If she could see him park his car ahead, then walk back, that might give her some apprehension or have her intuition tip her off that something is not right, but I don’t think she saw him park the car.

Asking for directions is a simple method to distract someone because it is a request that fits many scenarios, but the feeling you get from how they ask, how they approach or how close they get is the key to understanding if this might be a setup. If I needed to ask for directions late at night, I would make a point of maintaining a significant distance, knowing that the person I was asking might not be comfortable. And if I noticed they were not pleased, I would remove myself immediately, but this guy gets closer. As I tell people, directions do not get better the closer one gets, so no need for someone to get very close.

He then extends his hand to shake her hand, which she does. In my experience, this is very common and one the attacker is banking on. They know most people are polite and automatically extend their hand back, putting themselves in close contact. Be very wary of any stranger in an isolated location who attempts to shake your hand. There is no reason to shake your hand. Never let the fear of appearing rude overrule your intuition if it does not feel right.

He drags her to his vehicle. Here is where I might have some differing opinions from others who have also reviewed this video. Again, no one can know exactly what will work, but let’s explore some options. He appears to have her back to his chest, so he is behind her. She attempts to use her legs to stop him, but he is too strong and he is moving very quickly. I might suggest she has a better chance to defend herself by trying to face him. A sudden turn or shift into him or away from might achieve this, but attempting to stop his weight from directly behind is too challenging. A quick shot with her free right hand towards his face “might” cause him to be defensive for a moment. Not sure if her left hand had the chance to strike back to his groin. And that strike to the groin will not stop him but might cause a momentary defensive reaction to allow you to turn towards him. Do you notice I keep saying “might”? That is because it all happens so quickly, and no one can know for sure. But I know she is better to be facing him with his most vulnerable targets of the face being in front of her.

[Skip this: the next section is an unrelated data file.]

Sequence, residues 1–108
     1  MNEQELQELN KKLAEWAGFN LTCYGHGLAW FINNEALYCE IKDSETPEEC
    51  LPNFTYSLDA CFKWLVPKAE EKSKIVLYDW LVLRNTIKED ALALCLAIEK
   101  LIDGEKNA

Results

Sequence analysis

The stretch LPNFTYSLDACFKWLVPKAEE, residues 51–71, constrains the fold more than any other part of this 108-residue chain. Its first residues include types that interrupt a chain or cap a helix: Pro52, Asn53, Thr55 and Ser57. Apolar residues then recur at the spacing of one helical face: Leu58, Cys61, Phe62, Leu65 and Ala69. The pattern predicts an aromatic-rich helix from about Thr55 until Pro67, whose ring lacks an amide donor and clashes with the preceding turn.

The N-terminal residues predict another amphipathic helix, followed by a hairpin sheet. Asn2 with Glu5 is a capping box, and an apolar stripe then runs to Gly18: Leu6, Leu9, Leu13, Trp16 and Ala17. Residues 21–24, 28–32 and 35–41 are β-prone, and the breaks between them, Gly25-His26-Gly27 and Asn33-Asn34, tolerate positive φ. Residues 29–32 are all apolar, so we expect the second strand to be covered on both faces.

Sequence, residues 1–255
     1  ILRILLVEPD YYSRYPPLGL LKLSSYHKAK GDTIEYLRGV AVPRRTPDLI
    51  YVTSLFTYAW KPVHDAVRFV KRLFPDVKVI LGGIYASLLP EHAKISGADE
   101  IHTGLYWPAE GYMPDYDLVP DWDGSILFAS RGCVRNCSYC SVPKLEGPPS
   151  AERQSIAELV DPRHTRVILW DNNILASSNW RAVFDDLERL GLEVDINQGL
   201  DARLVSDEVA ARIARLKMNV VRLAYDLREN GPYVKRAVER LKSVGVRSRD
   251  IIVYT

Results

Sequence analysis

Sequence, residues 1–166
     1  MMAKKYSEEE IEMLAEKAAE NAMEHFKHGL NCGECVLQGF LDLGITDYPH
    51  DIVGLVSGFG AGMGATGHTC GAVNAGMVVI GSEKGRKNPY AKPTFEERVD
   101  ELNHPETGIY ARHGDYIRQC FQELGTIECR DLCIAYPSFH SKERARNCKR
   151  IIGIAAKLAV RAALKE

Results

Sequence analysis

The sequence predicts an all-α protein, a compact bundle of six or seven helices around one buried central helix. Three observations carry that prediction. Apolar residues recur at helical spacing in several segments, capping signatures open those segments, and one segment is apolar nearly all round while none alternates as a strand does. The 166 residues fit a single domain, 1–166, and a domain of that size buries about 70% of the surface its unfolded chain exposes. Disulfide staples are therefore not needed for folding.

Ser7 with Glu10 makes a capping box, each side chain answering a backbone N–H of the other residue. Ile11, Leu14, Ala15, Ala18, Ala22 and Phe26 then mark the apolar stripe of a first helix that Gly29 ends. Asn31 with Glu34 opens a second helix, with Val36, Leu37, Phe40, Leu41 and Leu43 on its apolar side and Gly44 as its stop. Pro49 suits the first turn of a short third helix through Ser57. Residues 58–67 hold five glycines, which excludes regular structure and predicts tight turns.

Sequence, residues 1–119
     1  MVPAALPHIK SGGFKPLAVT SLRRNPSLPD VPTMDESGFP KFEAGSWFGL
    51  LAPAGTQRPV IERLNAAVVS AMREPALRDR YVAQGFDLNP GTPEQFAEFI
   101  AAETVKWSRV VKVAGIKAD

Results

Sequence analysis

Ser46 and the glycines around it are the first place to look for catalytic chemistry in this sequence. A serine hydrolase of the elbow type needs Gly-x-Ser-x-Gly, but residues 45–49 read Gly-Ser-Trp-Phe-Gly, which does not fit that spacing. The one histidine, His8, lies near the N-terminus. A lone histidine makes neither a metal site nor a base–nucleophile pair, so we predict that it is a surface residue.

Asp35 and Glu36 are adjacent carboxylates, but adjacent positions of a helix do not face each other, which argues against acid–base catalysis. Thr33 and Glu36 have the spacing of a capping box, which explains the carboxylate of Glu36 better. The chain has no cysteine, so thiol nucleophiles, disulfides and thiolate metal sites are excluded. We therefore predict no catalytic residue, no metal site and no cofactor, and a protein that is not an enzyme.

Many will say she needs to strike him, but because he has her so close and tight, strikes will be limited if effective at all to garner any damage. This is where close quarter tools like eye-gouging, clawing, raking, biting, attacking the throat while screaming (the whole time) will have the highest chance of success because they do not require distance and strength, even if he picks her up.

Some teach she should go dead weight and fall to the ground. I always hesitate to suggest that because if your goal is to run, then going to the ground, then attempting to get up might be difficult. And sometimes, the attacker might mount the person. Here, he is not as likely to do that in a public location, even if it is quiet. And if he is holding her up to some extent, going dead weight will not likely change anything with them being stronger again. Doing damage as fast as possible is the priority, in my opinion, while yelling.

Throwing her cellphone to the ground was very smart but is more reactive, not stopping the attack. But again, better to throw it than not so quick thinking on her part.

The challenge with all this is that playing armchair quarterback is easy. She survived thankfully and put up a hell of a fight, where someone else or a different attacker might have changed the results significantly from them not continuing the abduction to the worst case of being sexually assaulted or killed.

I would love to hear your thoughts on this video and where you feel we might offer some education for those who read this blog and view this video.

Keep SAFE!


Chris Roberts

Managing Director, SAFE International